Influence: The Psychology of Persuasion

Robert Cialdini

Compliance professionals like advertisers, con artists and salespeople take advantage of preprogrammed human reactions to elicit the response that’s in their best interests, not ours. Specifically, they leverage the principles of reciprocation, scarcity, consistency, social proof, liking and authority.

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Our brain loves shortcuts, and they can be used to manipulate us.

The world is a complex place where it’s impossible for us to reflect upon the details of every decision we make.

One example of such a shortcut is that we’re much more willing to do people a favor if they provide us with a reason – any reason. In an experiment to study this phenomenon, a researcher asked people queueing up to use a copy machine whether she could skip the line. She found that if she gave a reason – “May I skip the line because I’m in a rush?” – 94 percent of people complied with her request.

People usually assume expensive items are of higher quality than cheap ones.

Six basic psychological principles that we use as shortcuts, and which can be exploited for persuasion:

  1. Reciprocation
  2. Scarcity
  3. Consistency
  4. Social proof
  5. Liking
  6. Authority


Humans have an overpowering need to return favors.

People are so keen to rid themselves of the burden of reciprocity that they will often perform much larger favors in return for small ones.

The first psychological principle of persuasion is the rule of reciprocation: we feel obliged to return favors.

Getting into the habit of asking yourself if the favors you receive are really genuine, or if they could be attempts to manipulate you.

In negotiations, starting with an outrageous request and retreating from there can win concessions.

Just as we desire to pay back favors, when we’re negotiating with someone and they make a concession, we’ll feel obliged to reciprocate it. This is known as the rejection-then-retreat strategy.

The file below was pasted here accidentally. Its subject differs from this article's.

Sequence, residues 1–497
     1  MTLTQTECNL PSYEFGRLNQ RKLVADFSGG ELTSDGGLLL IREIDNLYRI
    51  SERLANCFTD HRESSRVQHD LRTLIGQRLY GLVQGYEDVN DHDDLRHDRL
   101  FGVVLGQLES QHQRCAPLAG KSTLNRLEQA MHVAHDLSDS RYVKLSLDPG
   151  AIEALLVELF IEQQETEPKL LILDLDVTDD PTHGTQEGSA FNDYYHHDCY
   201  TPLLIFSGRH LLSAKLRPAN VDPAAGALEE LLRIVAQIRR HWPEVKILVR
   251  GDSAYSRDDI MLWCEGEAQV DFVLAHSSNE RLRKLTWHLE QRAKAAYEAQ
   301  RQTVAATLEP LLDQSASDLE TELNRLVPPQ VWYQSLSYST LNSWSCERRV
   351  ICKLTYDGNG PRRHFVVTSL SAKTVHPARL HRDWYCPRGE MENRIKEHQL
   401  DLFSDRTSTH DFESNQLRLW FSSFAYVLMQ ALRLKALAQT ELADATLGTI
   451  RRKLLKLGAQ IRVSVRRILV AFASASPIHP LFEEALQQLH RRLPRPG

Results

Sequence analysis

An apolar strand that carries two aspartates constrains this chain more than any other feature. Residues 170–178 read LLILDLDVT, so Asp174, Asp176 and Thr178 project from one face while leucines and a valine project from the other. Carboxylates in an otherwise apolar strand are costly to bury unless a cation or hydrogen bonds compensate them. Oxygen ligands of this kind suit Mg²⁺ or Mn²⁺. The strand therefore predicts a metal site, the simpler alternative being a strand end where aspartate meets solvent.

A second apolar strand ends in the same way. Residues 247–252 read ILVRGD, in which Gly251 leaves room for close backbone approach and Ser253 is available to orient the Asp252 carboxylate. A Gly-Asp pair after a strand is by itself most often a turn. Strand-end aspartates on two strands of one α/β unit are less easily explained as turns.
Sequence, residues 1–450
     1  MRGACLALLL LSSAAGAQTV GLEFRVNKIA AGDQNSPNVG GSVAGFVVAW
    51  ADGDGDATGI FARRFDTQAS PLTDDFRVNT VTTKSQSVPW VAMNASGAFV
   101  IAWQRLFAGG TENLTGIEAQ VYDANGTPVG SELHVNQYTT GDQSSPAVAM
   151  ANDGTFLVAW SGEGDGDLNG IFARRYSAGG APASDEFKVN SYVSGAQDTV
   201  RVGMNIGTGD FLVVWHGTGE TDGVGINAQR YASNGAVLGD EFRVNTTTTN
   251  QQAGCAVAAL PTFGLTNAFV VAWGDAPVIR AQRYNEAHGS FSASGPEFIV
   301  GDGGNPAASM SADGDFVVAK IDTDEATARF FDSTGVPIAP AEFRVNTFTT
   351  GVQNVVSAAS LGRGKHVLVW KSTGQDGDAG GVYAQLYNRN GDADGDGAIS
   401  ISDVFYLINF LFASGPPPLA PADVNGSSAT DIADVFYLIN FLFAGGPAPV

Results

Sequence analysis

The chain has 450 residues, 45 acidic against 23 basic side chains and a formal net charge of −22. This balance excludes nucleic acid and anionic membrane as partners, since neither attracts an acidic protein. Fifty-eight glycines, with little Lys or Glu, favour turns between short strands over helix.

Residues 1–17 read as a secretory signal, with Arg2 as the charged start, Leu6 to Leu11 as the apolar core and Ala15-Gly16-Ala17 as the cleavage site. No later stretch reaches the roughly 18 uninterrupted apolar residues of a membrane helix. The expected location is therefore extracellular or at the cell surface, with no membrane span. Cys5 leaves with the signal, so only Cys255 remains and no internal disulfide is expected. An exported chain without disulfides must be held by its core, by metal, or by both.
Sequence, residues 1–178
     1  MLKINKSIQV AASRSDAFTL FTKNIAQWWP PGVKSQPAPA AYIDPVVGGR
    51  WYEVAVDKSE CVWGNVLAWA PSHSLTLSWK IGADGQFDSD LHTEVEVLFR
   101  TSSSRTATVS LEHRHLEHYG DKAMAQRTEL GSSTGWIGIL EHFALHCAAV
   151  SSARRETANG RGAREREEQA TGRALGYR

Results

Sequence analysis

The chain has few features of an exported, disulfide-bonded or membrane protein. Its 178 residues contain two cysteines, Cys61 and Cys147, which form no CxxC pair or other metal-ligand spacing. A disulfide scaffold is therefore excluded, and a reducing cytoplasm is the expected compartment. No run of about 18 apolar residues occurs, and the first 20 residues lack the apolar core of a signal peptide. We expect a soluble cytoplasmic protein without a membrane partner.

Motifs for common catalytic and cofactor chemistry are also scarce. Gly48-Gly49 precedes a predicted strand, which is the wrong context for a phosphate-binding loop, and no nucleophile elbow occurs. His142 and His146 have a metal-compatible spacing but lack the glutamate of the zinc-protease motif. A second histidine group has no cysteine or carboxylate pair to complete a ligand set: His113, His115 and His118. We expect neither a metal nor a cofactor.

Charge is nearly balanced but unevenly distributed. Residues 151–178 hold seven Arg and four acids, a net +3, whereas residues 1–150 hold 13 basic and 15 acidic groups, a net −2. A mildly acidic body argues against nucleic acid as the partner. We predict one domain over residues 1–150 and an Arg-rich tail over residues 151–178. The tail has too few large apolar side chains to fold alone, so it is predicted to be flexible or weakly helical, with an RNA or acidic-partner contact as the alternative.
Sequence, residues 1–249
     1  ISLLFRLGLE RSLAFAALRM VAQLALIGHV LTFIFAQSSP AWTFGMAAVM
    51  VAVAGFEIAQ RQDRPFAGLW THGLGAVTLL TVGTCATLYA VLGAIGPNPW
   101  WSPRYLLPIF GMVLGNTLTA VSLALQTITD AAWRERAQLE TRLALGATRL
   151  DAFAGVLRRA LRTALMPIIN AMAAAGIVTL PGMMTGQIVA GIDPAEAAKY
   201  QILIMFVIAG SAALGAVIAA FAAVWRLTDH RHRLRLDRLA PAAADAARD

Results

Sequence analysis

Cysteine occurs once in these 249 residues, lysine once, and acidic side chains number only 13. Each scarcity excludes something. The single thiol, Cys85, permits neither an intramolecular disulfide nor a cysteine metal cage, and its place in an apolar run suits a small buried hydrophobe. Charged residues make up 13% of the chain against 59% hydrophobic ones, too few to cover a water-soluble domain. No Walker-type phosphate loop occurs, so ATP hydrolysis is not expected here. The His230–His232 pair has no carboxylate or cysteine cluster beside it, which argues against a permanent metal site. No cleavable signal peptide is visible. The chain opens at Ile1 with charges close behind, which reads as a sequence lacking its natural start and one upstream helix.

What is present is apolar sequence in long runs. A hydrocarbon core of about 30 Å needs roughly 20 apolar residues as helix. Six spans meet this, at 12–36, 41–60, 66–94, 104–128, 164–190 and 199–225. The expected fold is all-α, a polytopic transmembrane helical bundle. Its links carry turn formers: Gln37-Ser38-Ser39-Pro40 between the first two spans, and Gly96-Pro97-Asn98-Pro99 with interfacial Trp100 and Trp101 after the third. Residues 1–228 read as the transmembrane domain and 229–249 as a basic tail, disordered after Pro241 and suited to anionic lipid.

The contrast principle: when two items are presented to us one after the other, the difference of the second to the first is magnified.


When opportunities become scarce, we desire them more.

A 1982 study by one of Cialdini’s students showed that when shoppers were told of a limited-time sale on meat, they bought three times more than if there was no time limit. Interestingly, this effect was compounded when people were told that only a select few knew about the sale. The scarcity of both the offer and the information itself made shoppers buy six times more meat than customers unaware of either limit!

We tend to want something more if its availability has decreased recently than if it has remained steady over time. This is why revolutions tend to happen when living conditions deteriorate sharply rather than when they are consistently low; the sudden drop increases people’s desire for something better, so they take to the streets.

Competition always sets our hearts racing. Whether in auctions, romances or real-estate deals, the thought of losing something to a rival often turns us from reluctant to overzealous. This is why, for example, real estate agents often mention to buyers that several other bidders are also interested in a given house, whether true or not.

To counter the eagerness that arises from scarcity, we should always consider whether we want the item in question because of its use to us (for example, its taste or function), or merely because of an irrational wish to possess it.

Banning something makes it very desirable.

When juries know that an insurance company will pay the bill, they tend to award larger damages to plaintiffs. Interestingly though, they award even higher damages if they are expressly told by the judge to ignore the fact that the defendant has insurance. The “forbidden” information seems more relevant to them and makes them overreact, just like a forbidden toy seems immensely desirable to any child.